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Adding value to spanish exports


12 DE agosto DE 2015

The juice market

Ana Pérez

There are currently around 50 Spanish juice and nectar producers, of which 17 are members of ASOZUMOS, representing approximately 70% of national production.

Belonging to ASOZUMOS is a guarantee with respect to member companies' product quality and responsibility. Sector companies directly employ 4,000 people, and also generate 12,000 indirect jobs.

According to the annual report on juice and nectars in Europe, drafted by the European Fruit Juice Association (AIJN), the Spanish juice and nectar market amounted to 968 million liters in 2014. Spain accounts for almost 10% of the European juice and nectar market, trailing Germany (with 2.405 billion liters), France (1.551 billion liters) and the UK (1.192 billion liters), but ahead of Italy (890 million liters), Turkey (705 million liters) and Poland (699 million liters).

Juice and nectar consumption in the European Union totaled 9.702 billion liters in 2014. As for per capita consumption in Europe, Spain's numbers are satisfactory, with 20.8 liters in 2014, i.e. close to the European average, but obviously behind large consumer countries with less access to fresh fruit, such as Germany, the Netherlands and Finland (with more than 25 liters per person in the same period).


Within the agri-food industry, the juice and nectar sector maintain a strong foothold outside Spain. A total of 791,547 tons were exported in 2014, worth 613.50 million euros, -6.9% less than in 2013 in terms of value but 6% more in terms of volume.  

Fruit juices still account for a notable portion of Spanish agri-food products outside Spain, in large part due to the reduction in prices that occurred in 2014. Orange juice is the most popular flavor outside Spain, with a volume of 259,804 tons, followed by grape juice, with 257,281 tons.

However, the latter represents a greater market value at 194.29 million euros, while the former accounts for 170.48 million euros. The two flavors together represent 60% of the sector's total value outside Spain. In terms of countries, the European Union as a whole accounts for 75% of Spanish fruit juice exports. Specifically, France is the primary destination of Spanish juices, accounting for 30% of exports, which yielded 184.35 million euros in 2014.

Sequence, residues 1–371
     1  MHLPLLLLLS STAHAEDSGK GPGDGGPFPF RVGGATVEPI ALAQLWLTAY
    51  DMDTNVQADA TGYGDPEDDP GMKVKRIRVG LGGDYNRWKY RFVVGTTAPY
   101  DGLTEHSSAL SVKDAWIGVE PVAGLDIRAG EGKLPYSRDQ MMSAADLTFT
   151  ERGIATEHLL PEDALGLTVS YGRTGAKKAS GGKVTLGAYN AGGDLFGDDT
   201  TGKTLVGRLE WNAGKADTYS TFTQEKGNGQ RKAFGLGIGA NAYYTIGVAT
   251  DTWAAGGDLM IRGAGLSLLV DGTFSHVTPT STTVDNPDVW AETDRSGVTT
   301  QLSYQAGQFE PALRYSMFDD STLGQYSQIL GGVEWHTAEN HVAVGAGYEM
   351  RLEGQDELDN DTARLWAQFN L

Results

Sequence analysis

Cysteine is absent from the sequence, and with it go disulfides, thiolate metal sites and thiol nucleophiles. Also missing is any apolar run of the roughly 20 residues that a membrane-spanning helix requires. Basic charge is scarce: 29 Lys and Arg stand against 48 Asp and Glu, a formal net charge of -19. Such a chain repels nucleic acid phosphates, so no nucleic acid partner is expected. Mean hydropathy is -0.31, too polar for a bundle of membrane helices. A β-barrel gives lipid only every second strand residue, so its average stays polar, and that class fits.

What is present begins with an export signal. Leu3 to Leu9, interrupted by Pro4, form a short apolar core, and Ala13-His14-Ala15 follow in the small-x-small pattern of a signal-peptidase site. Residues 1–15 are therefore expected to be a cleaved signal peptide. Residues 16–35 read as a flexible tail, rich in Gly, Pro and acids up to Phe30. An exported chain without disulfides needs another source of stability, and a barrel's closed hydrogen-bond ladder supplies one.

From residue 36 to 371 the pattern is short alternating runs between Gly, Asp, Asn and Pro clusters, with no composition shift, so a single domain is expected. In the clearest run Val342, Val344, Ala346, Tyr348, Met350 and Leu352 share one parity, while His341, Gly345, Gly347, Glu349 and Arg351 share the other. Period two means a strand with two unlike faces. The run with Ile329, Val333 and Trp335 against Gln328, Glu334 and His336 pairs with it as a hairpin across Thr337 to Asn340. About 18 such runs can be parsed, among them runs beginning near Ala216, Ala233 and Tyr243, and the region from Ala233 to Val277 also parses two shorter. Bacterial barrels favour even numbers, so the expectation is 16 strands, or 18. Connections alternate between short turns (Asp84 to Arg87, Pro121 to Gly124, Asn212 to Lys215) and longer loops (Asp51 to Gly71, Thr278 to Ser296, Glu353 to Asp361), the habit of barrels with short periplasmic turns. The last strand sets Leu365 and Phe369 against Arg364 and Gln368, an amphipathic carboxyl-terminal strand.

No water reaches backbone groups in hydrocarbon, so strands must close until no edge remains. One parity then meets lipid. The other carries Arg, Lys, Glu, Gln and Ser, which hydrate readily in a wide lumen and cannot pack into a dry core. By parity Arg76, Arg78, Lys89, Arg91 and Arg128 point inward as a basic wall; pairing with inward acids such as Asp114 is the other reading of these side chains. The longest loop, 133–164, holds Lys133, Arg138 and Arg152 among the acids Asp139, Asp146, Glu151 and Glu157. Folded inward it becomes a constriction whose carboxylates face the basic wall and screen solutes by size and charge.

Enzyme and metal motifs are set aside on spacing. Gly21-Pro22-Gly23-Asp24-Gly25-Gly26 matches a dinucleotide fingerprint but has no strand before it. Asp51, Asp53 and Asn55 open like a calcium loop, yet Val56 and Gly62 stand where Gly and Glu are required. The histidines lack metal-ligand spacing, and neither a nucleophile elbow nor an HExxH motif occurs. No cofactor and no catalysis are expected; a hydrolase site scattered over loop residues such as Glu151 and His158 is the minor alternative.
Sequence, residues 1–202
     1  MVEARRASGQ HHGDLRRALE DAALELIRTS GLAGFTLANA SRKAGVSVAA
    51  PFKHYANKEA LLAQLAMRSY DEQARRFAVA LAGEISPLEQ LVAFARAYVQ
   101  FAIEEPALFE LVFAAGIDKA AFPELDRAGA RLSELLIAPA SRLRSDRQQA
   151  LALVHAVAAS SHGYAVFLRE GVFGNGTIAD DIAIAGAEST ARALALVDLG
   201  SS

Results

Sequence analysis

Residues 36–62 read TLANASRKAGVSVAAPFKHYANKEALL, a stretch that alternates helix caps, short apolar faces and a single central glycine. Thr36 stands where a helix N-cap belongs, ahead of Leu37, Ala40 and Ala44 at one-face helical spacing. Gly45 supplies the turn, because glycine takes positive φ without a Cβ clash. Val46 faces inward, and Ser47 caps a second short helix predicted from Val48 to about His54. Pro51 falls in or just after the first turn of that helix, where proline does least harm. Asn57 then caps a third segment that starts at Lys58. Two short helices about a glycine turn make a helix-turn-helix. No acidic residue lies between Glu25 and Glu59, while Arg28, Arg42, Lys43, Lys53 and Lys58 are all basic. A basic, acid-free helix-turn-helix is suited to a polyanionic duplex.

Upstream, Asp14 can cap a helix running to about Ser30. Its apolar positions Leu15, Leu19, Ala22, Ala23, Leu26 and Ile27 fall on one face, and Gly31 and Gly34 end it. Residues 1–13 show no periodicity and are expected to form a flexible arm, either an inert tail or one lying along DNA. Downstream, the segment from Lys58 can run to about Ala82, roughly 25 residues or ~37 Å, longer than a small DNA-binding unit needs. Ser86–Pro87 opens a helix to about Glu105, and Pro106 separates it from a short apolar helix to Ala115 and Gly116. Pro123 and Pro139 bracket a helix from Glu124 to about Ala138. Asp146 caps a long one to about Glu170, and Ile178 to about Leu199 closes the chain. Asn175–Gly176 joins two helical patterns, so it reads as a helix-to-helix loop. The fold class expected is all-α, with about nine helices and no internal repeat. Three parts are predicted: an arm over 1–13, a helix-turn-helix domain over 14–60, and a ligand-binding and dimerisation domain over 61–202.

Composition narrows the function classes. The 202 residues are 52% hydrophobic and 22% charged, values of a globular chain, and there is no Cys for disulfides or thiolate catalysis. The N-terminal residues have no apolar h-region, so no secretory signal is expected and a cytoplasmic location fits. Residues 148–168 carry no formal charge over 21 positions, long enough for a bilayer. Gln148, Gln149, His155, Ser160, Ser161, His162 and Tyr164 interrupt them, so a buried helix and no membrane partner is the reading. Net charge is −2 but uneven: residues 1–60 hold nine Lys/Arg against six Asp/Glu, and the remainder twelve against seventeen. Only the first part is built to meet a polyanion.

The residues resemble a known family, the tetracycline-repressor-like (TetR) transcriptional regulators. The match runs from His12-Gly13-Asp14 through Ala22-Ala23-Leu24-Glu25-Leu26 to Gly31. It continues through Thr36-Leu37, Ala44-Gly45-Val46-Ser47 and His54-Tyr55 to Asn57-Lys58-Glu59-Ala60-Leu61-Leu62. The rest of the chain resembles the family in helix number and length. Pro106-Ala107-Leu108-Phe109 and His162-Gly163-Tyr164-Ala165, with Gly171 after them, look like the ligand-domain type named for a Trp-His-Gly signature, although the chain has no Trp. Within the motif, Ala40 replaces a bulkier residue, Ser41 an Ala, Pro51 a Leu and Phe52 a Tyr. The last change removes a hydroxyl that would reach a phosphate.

Household consumption

According to the report Food Consumption in Spain in 2014, the dynamic channel (hypermarkets, supermarkets and discount stores), which represents 95.5% of the category, slipped by 4.6% in 2014. The main reason for this decline is the 3.5% slide in sales at supermarkets, which represent 53.6% of the total.

The only category that increased sales in the period were other channels, which saw a rise of 8.9% despite only representing 3.8% of the total volume of liters.

Consumer profile

According to the report by the Ministry of Agriculture, Food and the Environment, the profile of consumers who drink the most juice and nectar are households in mid-sized towns (2,000 to 100,000 inhabitants) comprising three or four people, with children, and where the person responsible for doing the shopping is 49 or younger.

Households comprising young people living on their own consume 18.01 liters per person per year (i.e. 76% more than average consumption in the home), driving the largest increase (+2.4%). Single-parent households also increase average consumption per person per year by 2.8%, with annual per capita consumption of 10.61 liters. The Canary islands, Murcia and Catalonia are the regions that consume the greatest amount of juice and nectar. This contrasts with Asturias, the Basque Country and Galicia, where consumption is lowest.

Fruit juice and nectar, by flavor

Summer is the most popular season for juice and nectar consumption. In fact, according to the Ministry of Agriculture, Food and the Environment's food consumption panel, almost 50%—a significant percentage—of these products are consumed at home from June to September.

In the last five years, the juice industry has experienced a year-on-year decline, impacted by the economic crisis. The three most popular flavors in Spain are orange, pineapple and peach, which account for 80% of the market; however, a wide range of flavors are available, including mixed berry, apple, grape, pear, tomato, and many others. Private label brands account for 39.5% of consumption in the category as a whole, and are present in almost all sub-segments (ambient and chilled juice, nectar, pure or from concentrate).  

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